Rob Fetters on the Transformative Power of Six Strings

July 3, 2014

Truth is a relative concept for Rob Fetters. It’s at the core of Saint Ain’t [Baby Ranch], an album of tightly constructed rock and pop anthems that explore personal accountability and the repercussions of action and inaction. Track titles like “Suffer,” “Desire,” “What You Do,” “Famous Last Words,” and “Life & Death Boogie” provide a glimpse of the thought-provoking mindset at work. The album is also huge fun, infused with adventurous arrangements, fiery guitar solos, and addictive hooks.

Saint Ain’t is the third solo release from Fetters, who is also involved in two guitar-driven bands: Psychodots and the Bears. Psychodots includes drummer/vocalist Chris Arduser and bassist Bob Nyswonger, both of whom play on the record. All three musicians are also in the Bears, along with guitarist Adrian Belew. Commercial scoring is another career path Fetters engages in, having done work for ABC, Disney, Nickelodeon, and PBS, as well as major brands including Microsoft, Crest, and Kellogg’s.

Fetters’ life is all about balance. He’s the epitome of the modern working musician, with irons in many fires that enable him to deal with the challenges of today’s music industry. He has been courted by Clive Davis, been on the cusp of major label deals, and seen his share of big promises broken. More importantly, many unexpected windows of opportunity opened along the way, too—a perspective he digs into on Saint Ain’t.

Describe the general perspective presented on Saint Ain’t.

It’s the result of trying to see reality instead of trying to run from it or attempting to create a separate reality. I’m no longer making judgment calls on what is good versus what is bad. A lot of things in my life relate to the fact that I didn’t get what I wanted and I had to settle for something better. Some people think I’m being ironic or witty about turning lemons into lemonade, but I’ve also seen a lot of lemonade turn into lemons. I’m a bit more unmoored these days, and I’m not afraid to be that way. I heard an interview with the cellist Yo-Yo Ma once. The interviewer said, “You’re Yo-Yo Ma. You’ve mastered your instrument. You’re the greatest cellist in the world.” Yo-Yo Ma just chuckled and said he was at a point in his life where all he could see was everything he didn’t know. I said to myself, “Yeah. That’s why you’re so good.” It’s because of his humility in the face of reality and his endless curiosity. Those are reasons artists like him are so adventurous. I feel that way about life in general. I haven’t got this sucker figured out and that’s what I wanted to express.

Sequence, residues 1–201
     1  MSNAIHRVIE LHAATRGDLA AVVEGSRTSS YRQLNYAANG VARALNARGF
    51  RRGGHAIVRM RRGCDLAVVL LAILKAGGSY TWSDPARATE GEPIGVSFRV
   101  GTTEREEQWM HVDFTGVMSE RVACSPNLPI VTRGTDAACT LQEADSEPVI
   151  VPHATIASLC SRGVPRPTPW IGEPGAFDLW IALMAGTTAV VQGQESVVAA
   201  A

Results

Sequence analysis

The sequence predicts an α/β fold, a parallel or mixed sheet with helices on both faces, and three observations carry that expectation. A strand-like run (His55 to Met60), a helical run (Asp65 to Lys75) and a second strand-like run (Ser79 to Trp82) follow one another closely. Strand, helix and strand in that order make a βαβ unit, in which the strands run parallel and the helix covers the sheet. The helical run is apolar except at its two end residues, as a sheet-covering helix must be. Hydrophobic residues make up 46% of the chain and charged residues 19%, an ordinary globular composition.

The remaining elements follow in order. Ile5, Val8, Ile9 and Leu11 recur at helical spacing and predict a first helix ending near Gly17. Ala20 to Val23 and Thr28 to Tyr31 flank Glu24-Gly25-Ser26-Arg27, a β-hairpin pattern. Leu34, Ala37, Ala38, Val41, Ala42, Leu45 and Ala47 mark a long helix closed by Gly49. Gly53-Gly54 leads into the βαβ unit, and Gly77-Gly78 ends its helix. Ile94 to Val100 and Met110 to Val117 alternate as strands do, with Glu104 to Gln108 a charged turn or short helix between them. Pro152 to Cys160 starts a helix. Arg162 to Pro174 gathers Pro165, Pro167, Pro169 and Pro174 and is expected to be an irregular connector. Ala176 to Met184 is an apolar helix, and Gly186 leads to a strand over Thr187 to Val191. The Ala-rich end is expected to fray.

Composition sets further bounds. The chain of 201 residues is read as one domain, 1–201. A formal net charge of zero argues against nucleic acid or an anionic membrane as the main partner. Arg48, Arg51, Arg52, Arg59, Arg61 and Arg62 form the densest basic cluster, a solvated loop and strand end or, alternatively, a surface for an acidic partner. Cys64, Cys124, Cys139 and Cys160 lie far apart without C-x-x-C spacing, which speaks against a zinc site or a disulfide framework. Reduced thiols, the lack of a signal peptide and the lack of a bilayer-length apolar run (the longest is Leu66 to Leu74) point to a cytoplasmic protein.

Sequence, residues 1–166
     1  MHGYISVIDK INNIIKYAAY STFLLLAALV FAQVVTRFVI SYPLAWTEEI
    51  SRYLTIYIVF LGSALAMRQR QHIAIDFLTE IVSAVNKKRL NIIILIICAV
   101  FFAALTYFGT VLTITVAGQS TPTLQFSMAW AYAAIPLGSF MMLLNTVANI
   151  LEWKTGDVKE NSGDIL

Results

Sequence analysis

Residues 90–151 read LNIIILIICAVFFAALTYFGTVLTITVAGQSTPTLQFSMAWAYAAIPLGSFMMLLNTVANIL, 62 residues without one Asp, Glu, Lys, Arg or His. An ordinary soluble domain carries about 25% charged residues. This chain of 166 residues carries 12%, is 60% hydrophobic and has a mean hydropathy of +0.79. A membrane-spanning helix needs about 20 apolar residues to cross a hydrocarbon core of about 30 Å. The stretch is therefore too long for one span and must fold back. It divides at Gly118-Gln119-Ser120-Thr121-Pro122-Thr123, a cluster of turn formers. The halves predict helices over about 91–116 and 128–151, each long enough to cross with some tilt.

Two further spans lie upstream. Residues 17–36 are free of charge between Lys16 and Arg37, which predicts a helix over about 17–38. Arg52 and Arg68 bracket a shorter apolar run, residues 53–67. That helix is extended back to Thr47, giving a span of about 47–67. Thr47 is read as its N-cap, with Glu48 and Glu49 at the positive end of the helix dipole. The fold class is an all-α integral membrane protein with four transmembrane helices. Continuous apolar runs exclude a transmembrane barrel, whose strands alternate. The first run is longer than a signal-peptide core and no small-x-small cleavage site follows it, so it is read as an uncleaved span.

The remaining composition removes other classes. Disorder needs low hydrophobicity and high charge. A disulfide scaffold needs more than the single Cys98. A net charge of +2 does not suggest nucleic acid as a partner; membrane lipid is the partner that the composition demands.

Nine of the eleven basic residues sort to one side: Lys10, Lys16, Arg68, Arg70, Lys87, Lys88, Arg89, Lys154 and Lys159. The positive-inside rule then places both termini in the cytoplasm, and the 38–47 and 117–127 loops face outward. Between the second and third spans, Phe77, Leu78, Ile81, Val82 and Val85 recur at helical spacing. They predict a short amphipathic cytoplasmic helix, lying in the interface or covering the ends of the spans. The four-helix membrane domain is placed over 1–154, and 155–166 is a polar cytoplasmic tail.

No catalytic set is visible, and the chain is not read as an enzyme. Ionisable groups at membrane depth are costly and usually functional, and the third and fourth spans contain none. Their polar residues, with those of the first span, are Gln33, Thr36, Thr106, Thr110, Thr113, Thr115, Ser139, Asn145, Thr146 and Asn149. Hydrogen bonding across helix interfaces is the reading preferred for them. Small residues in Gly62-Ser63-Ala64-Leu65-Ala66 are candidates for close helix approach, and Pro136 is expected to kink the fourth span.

“Play Your Guitar” is an epic treatise and confessional for guitarists worldwide. What went into writing it?

A lifetime of guitar playing went into it. The guitar has literally been a lifesaver to me. In fact, it has been my life. I know so many guys that run businesses, are creative directors at ad agencies, or own studios. But what do they really love to do? Get out old guitars and play them. We guitar players get hooked from the first time we do it. You pick it up and you start dreaming. Before I could even play, I held my sister’s old Stella tiger-striped acoustic and imagined I was a Beatle, and then a Rolling Stone, and then someone in the Who. This was before I knew where to put my fingers. The song deals with the fact that if you are a guitar player you will get in trouble. Someone isn’t going to like you playing that guitar so much. Some girl won’t marry you. Your parents will instantly be worried sick if you decide to pursue it. People will tell you guitar players are a dime a dozen and you need to do something else. I think every guitarist hits a point where those realities emerge, but I was never going to do anything else. I’d rather be dead than not play guitar. The song also resonates with people who aren’t guitarists. If you’re really passionate about something, you’ll run into the same problems.